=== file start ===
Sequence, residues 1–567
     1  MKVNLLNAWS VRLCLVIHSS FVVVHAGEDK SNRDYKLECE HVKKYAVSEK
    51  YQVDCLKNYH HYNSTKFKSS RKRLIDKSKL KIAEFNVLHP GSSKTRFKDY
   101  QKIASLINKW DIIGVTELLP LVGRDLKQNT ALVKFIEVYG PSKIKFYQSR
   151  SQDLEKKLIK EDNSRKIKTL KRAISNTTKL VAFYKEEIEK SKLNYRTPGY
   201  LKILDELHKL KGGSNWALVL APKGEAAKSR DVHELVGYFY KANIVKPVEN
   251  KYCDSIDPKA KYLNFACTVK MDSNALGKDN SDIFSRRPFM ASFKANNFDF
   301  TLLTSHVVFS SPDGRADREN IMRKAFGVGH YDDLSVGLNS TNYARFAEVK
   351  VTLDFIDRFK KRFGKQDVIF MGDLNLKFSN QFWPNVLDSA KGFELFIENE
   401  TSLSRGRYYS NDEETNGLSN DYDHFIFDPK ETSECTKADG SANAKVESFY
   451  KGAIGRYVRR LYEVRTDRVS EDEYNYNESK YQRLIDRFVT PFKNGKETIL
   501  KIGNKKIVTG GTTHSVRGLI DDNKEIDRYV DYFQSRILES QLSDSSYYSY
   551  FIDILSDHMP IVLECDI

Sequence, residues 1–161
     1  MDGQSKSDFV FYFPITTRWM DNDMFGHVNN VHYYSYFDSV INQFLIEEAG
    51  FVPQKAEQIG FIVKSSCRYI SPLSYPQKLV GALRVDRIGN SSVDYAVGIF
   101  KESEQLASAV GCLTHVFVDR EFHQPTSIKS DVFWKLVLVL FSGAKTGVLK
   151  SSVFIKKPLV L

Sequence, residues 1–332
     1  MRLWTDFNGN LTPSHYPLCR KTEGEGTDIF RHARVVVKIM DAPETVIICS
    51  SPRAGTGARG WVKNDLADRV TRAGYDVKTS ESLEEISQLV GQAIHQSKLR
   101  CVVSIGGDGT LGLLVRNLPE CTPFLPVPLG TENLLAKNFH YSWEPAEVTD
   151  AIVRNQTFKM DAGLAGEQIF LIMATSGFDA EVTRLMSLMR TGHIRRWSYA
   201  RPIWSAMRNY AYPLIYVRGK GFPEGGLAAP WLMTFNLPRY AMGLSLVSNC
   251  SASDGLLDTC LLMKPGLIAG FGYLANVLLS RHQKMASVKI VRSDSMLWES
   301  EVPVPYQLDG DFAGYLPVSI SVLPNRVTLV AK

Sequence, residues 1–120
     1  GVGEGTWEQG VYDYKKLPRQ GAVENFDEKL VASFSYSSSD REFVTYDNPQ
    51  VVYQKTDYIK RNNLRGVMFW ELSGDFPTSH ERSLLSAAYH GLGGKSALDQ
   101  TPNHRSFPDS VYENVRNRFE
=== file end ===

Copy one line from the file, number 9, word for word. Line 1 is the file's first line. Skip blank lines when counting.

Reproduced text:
   351  VTLDFIDRFK KRFGKQDVIF MGDLNLKFSN QFWPNVLDSA KGFELFIENE